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Altmetrics at Mendeley

William Gunn
November 05, 2013

Altmetrics at Mendeley

This presentation was given at the 2013 ASIST meeting in Montreal and addresses recent updates in altmetrics from an information science perspective, as well as what Mendeley's doing. Co-panelists were Stefanie Haustein, Jennifer Lin, Judit Bar-Ilan, and Stacy Konkiel.

William Gunn

November 05, 2013

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  1. Two audiences • The information science community – What we

    know & what we’re still trying to understand – What we think important questions are • The altmetrics community – Where Mendeley is going – What we think are the important things to address
  2. What we think we know • Where we are: discovery,

    but not assessment – we can describe, but not predict • What it means to correlate with citations • What we’re really measuring – attention – who listens to you and who do you listen to • minus the people who are listened to, but don’t listen well • Lit derived metrics are not enough!
  3.  Amgen: 47 of 53 “landmark” oncology publications could not

    be reproduced  Bayer: 43 of 67 oncology & cardiovascular projects were based on contradictory results  Dr. John Ioannidis: 432 publications purporting sex differences in hypertension, multiple sclerosis, or lung cancer. Only one data set was reproducible There is no gold standard
  4. We didn’t see that a target is more likely to

    be validated if it was reported in ten publications or in two publications NATURE REVIEWS DRUG DISCOVERY 10, 712 (SEPTEMBER 2011)
  5. Either the results were reproducible and showed transferability in other

    models, or even a 1:1 reproduction of published experimental procedures revealed inconsistencies between published and in-house data NATURE REVIEWS DRUG DISCOVERY 10, 712 (SEPTEMBER 2011)
  6. Building a reproducibility dataset • Mendeley and Science Exchange have

    started the Reproducibility Initiative • $1.3M grant from LJAF to Initiative via Center for Open Science • 50 most highly cited & read papers from 2010, 2011, and 2012 will be replicated • Figshare & PLOS to host data & replication reports
  7. What we don’t know • What we can predict –

    need to understand intent, imported or derived reputation • How to capture all mentions, even without direct identifiers – what skew is there, and what does it mean • How to adjust for regional or cultural differences
  8. How to understand sources of variability • Collect the same

    set of metrics at different times, by different people, using different methods • This will inform the standards process & assist IS people with capturing provenance, doing preservation, and giving advice
  9. What are the important questions we aren’t asking yet? •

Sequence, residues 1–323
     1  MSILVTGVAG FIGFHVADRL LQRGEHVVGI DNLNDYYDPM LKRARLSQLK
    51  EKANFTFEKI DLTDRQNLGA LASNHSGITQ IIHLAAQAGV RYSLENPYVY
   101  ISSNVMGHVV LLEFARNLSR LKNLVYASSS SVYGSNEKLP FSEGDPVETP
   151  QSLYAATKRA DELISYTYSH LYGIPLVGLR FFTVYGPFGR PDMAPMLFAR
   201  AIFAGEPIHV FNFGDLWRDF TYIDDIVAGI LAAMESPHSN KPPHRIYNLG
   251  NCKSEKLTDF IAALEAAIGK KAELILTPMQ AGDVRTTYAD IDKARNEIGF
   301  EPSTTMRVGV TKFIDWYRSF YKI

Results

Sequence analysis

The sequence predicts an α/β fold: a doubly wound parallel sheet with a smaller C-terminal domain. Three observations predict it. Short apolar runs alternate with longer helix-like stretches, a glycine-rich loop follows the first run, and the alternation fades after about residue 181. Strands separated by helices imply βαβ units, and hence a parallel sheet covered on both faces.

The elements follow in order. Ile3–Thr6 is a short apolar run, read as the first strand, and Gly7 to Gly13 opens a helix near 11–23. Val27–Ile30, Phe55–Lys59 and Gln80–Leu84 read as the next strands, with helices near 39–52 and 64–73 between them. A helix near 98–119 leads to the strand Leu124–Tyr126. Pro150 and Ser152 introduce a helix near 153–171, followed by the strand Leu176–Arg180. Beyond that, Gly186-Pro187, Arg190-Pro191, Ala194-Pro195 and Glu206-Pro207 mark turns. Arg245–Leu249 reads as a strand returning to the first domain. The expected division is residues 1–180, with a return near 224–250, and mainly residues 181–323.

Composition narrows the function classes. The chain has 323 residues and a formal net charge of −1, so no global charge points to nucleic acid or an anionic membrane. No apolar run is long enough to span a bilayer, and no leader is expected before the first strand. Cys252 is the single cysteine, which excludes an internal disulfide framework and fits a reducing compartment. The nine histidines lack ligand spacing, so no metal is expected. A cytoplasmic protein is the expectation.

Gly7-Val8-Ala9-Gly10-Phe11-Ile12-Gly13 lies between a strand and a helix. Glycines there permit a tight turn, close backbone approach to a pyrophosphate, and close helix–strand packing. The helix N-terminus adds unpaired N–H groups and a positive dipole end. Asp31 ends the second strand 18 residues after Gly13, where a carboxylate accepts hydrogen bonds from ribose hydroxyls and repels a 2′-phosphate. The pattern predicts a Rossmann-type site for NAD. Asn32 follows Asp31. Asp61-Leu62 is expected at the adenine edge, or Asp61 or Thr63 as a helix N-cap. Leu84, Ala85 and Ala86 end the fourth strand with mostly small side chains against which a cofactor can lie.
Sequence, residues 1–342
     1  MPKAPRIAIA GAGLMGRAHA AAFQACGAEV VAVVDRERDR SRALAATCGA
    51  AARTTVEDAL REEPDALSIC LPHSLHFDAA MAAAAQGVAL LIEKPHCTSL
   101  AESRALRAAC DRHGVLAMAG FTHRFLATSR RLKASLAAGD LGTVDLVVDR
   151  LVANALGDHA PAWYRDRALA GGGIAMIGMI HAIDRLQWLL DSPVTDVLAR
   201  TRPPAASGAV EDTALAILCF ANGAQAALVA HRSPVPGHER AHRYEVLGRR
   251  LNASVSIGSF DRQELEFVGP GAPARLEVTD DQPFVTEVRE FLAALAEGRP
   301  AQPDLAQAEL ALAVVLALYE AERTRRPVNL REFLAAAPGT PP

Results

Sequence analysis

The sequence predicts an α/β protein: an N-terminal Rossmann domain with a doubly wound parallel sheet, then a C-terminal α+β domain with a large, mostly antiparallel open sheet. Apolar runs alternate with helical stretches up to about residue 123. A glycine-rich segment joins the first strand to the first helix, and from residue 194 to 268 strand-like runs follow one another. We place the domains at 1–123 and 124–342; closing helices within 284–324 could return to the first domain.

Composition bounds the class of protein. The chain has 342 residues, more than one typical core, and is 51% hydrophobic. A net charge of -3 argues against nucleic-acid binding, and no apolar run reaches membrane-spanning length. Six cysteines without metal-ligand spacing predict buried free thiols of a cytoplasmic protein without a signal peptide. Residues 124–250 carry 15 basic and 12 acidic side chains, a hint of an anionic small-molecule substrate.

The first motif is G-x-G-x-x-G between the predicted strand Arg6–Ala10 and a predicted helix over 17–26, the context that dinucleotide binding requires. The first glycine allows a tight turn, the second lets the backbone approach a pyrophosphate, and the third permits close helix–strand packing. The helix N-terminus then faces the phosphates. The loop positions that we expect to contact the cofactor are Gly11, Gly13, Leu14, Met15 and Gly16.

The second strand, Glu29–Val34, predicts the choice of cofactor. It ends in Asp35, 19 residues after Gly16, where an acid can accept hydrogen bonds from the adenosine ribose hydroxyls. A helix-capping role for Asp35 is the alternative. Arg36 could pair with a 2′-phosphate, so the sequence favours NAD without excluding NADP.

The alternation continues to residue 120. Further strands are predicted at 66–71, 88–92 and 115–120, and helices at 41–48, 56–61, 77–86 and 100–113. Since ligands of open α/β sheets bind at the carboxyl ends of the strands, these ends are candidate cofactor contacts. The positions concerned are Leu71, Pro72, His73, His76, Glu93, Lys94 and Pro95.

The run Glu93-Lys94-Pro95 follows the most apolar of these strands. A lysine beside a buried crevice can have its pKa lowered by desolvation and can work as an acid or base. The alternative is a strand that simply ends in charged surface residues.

let’s get past the “ranking people by their Twitter followers” stuff • Tell us what we should be looking at and how you would like to be involved
  10. What people want to know about Mendeley • We realize

    what we do makes a big difference – RG/Academia began to do more once we showed the potential – Researchers value our coverage and source neutrality – Many consume our data, even when it’s crappy
  11. Focusing on recommendations • Mendeley Suggest – personalized recommendations based

    on reading history • related articles – relatedness based on document similarity • recommender frameworks – implement recommendations as a service • third-party recommender services – serve niche audiences
  12. improving data quality • Research Catalog v2 – better duplicate

    detection – readership numbers stable • only increase – canonical docs • API v2 – exposing more information • annotations • other events (what do you want to see?)
  13. Stability and Security • We are serious – adapting to

    and promoting changes in practice • investing in building relationships with developers • platform, not a silo
  14. TEAM Project academic knowledge management solutions • Algorithms to determine

    the content similarity of academic papers • Performing text disambiguation and entity recognition to differentiate between and relate similar in-text entities and authors of research papers. • Developing semantic technologies and semantic web languages with the focus of metadata integration/validation • Investigate profiling and user analysis technologies, e.g. based on search logs and document interaction. • We will also improve folksonomies and through that, ontologies of text. • Finally, tagging behaviour will be analysed to improve tag recommendations and strategies. • http://team-project.tugraz.at/blog/
  15. Code Project Use case = mining research papers for facts

    to add to LOD repositories and light-weight ontologies. • Crowd-sourcing enabled semantic enrichment & integration techniques for integrating facts contained in unstructured information into the LOD cloud • Federated, provenance-enabled querying methods for fact discovery in LOD repositories • Web-based visual analysis interfaces to support human based analysis, integration and organisation of facts • http://code-research.eu/
  16. Semantics vs. Syntax • Language expresses semantics via syntax •

    Syntax is all a computer sees in a research article. • How do we get to semantics? •Topic Modeling!
  17. Subcategories of Comp. Sci. 0% 5% 10% 15% 20% AI

    HCI Info Sci Software Eng Networks